A more realistic solution for the Bears might be right tackle Rick Wagner. The 31-year-old was considering retirement but has not officially announced it. Wagner should be a name Bears fans are familiar with, as he played three years with the Lions before spending last season in Green Bay. Wagner would be a solid depth piece that the team is looking for. However, even the possibility of adding him to the mix is dependent on whether or not he continues with his playing career.

Snap Counts Table
Games Off. Def. ST
Year Age Tm Pos No. G GS Num Pct Num Pct Num Pct
201324BAL7116213112%00%6714%
201425BALRT71151596990%00%7316%
201526BALRT7116161128100%00%6915%
201627BALRT71151492482%00%6815%
201728DETRT71131379176%00%6213%
201829DETRT71151598492%00%5914%
201930DETRT/T71121275370%00%317%
202031GNBrt7116961059%00%7117%
Career62900500
4 yrsBAL624731520277
3 yrsDET404025280152
1 yrGNB169610071
Provided by Pro-Football-Reference.com: View Original Table
Generated 8/4/2021.

All that being said, the Bears could also wait until preseason roster cuts take place to pick up tackle help. Even if the currently injured players return to the practice field in the near future, it would behoove Ryan Pace to check in with potential depth options to shore up the tackle position.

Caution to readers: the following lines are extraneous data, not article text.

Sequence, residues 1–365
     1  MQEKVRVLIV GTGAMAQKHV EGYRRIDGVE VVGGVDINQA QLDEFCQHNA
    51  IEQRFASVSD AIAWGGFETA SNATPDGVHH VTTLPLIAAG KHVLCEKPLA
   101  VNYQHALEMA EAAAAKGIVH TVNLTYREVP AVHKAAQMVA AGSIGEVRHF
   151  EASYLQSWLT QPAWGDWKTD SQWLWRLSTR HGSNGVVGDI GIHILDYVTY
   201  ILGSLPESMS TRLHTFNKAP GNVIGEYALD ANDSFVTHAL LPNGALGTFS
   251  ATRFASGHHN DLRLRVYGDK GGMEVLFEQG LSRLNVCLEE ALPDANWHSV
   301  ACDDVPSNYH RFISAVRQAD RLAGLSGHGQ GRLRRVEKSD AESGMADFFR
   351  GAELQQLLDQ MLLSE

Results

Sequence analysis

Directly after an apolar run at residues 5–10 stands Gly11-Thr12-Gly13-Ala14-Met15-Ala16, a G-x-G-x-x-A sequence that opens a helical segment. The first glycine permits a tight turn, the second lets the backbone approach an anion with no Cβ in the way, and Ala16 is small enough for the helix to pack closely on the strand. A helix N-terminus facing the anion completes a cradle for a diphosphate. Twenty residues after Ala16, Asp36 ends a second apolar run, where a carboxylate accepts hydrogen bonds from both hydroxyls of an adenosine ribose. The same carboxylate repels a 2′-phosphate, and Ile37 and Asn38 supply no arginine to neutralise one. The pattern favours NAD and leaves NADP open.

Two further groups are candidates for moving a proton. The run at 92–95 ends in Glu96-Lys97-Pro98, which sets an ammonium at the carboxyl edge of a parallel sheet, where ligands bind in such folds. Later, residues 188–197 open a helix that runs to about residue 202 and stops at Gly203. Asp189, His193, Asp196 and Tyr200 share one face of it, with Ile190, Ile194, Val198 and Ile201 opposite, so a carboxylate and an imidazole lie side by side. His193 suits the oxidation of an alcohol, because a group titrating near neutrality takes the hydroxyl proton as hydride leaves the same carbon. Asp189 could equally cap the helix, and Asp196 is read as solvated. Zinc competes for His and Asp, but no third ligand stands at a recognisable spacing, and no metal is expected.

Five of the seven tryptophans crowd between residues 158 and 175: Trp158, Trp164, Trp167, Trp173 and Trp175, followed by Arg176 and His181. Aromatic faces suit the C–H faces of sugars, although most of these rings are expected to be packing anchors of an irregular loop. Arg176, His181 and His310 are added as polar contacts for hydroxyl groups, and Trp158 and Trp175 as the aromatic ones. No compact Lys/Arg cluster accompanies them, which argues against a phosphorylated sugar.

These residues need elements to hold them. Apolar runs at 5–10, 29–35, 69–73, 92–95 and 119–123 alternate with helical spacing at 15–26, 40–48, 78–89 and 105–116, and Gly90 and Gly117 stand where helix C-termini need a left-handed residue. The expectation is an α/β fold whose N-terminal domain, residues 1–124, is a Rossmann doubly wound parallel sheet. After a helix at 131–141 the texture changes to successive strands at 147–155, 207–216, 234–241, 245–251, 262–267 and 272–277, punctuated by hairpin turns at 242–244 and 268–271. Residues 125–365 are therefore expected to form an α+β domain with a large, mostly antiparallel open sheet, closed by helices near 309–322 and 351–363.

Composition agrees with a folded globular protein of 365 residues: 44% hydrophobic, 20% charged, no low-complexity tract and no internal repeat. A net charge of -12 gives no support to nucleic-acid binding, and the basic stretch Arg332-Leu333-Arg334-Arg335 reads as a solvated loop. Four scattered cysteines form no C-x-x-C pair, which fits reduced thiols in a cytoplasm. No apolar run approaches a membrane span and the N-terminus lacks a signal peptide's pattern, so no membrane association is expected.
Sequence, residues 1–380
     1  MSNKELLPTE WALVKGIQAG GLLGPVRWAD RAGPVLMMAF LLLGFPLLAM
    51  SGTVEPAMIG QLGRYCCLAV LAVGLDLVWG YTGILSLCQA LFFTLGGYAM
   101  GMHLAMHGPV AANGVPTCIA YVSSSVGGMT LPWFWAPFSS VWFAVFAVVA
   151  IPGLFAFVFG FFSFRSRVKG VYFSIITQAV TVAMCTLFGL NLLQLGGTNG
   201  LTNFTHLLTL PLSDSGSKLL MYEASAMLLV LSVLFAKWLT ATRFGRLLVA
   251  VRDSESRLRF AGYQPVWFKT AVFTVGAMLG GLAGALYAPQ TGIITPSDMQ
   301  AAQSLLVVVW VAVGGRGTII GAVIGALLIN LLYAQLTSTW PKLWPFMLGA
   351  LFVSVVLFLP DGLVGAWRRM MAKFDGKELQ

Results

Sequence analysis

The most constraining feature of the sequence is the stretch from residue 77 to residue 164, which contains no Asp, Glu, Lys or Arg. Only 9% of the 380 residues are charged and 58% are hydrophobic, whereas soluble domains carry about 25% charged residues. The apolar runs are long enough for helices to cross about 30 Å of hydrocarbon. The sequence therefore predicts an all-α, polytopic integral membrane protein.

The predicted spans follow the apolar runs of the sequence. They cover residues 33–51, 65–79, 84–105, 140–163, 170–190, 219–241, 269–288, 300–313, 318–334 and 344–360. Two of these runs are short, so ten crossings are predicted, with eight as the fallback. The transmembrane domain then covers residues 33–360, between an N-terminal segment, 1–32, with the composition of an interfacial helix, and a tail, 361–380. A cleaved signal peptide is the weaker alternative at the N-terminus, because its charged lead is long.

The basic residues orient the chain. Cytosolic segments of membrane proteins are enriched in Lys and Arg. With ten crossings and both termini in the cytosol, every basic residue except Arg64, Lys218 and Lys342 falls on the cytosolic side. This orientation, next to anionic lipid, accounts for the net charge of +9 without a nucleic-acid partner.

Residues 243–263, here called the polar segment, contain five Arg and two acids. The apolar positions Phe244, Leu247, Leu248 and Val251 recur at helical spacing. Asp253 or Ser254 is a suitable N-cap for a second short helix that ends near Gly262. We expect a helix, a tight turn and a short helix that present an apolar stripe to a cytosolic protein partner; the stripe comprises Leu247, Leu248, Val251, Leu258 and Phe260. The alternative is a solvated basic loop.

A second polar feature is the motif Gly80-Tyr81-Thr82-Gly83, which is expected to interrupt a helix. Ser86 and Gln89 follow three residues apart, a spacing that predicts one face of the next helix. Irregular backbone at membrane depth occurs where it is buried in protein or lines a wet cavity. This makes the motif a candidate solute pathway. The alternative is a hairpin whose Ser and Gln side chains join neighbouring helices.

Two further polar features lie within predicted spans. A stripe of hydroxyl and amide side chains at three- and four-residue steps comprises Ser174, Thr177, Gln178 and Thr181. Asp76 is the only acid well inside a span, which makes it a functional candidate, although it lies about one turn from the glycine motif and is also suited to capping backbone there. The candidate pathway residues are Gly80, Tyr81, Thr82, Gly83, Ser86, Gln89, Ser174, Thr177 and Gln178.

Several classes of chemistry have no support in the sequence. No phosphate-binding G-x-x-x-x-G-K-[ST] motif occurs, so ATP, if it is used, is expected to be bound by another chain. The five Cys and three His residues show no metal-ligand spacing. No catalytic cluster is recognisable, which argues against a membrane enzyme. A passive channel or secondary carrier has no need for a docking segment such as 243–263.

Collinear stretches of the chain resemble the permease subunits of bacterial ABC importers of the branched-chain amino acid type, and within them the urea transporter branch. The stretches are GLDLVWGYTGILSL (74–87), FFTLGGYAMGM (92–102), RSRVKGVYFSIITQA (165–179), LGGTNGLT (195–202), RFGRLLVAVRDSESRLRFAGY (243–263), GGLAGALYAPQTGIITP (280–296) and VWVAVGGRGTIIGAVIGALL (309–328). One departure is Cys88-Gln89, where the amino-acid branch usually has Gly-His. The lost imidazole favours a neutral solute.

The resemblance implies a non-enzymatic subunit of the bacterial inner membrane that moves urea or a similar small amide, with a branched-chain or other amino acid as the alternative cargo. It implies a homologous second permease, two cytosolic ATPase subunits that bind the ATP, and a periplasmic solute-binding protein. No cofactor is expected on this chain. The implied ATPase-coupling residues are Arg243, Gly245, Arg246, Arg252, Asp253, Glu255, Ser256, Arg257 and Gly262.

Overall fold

Writer/contributor for On Tap Sports Net and Bears on Tap. Lifelong and a die-hard fan of the Bears, Cubs, Bulls, and Blackhawks. Nothing but respect the White Sox though. Enjoying life and having a good time. Interests also include eating, gaming, sometimes reading and tons of tomfoolery. Good sense of humor (although sometimes dry). Occasionally witty. Follow me on Twitter

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1 month ago

[…] you may have heard by now, the Bears don’t have one left tackle on their roster with any significant experience at the po…. Any left tackle experience the Bears did have on their roster walked out the door when the team […]

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1 month ago

[…] tackle position. There are free agent options like Russell Okung. Now that Larry Borom is hurt, the possibility that the Bears head into their first preseason game without a starting left tackle is beginning to look like ever more […]

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1 month ago

[…] left tackle. Even at 39 years old, he will be a welcome addition to an offensive line that’s desperate for any left tackle. Peters spent the majority of his career with the Philadelphia Eagles and won a Super Bowl with them […]